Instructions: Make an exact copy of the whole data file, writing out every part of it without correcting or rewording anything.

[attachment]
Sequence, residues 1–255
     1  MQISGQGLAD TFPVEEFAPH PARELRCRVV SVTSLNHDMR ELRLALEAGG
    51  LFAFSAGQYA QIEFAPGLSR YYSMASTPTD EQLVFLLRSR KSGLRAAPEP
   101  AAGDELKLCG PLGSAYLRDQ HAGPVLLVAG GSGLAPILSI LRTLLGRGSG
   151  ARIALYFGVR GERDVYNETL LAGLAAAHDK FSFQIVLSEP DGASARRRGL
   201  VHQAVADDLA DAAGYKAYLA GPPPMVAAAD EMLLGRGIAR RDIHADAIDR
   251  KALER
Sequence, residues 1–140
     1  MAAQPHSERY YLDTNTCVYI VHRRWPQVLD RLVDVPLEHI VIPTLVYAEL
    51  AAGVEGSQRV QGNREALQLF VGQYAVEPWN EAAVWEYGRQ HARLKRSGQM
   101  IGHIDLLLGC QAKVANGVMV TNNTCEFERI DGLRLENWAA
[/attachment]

Sequence, residues 1–255
     1  MQISGQGLAD TFPVEEFAPH PARELRCRVV SVTSLNHDMR ELRLALEAGG
    51  LFAFSAGQYA QIEFAPGLSR YYSMASTPTD EQLVFLLRSR KSGLRAAPEP
   101  AAGDELKLCG PLGSAYLRDQ HAGPVLLVAG GSGLAPILSI LRTLLGRGSG
   151  ARIALYFGVR GERDVYNETL LAGLAAAHDK FSFQIVLSEP DGASARRRGL
   201  VHQAVADDLA DAAGYKAYLA GPPPMVAAAD EMLLGRGIAR RDIHADAIDR
   251  KALER
Sequence, residues 1–140
     1  MAAQPHSERY YLDTNTCVYI VHRRWPQVLD RLVDVPLEHI VIPTLVYAEL
    51  AAGVEGSQRV QGNREALQLF VGQYAVEPWN EAAVWEYGRQ HARLKRSGQM
   101  IGHIDLLLGC QAKVANGVMV TNNTCEFERI DGLRLENWAA